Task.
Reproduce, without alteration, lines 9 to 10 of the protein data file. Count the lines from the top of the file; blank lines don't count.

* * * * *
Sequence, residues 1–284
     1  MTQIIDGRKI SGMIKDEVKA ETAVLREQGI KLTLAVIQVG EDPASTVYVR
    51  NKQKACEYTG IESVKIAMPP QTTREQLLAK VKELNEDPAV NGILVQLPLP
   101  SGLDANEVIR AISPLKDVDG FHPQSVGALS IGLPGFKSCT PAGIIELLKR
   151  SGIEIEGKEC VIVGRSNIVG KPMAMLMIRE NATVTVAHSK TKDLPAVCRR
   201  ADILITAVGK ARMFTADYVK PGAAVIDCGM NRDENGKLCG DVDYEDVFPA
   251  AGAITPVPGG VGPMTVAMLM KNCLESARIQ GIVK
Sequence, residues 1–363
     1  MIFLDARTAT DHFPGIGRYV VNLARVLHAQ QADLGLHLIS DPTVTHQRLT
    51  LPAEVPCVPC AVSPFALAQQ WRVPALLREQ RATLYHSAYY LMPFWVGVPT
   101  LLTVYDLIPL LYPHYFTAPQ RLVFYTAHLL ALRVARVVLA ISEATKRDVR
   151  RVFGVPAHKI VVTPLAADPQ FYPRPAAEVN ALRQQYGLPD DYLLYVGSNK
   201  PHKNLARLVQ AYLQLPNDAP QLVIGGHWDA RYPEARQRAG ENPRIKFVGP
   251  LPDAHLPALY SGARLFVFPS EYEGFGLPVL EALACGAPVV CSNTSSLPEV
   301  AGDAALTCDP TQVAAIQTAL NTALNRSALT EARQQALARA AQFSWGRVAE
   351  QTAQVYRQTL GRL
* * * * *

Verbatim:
     1  MIFLDARTAT DHFPGIGRYV VNLARVLHAQ QADLGLHLIS DPTVTHQRLT
    51  LPAEVPCVPC AVSPFALAQQ WRVPALLREQ RATLYHSAYY LMPFWVGVPT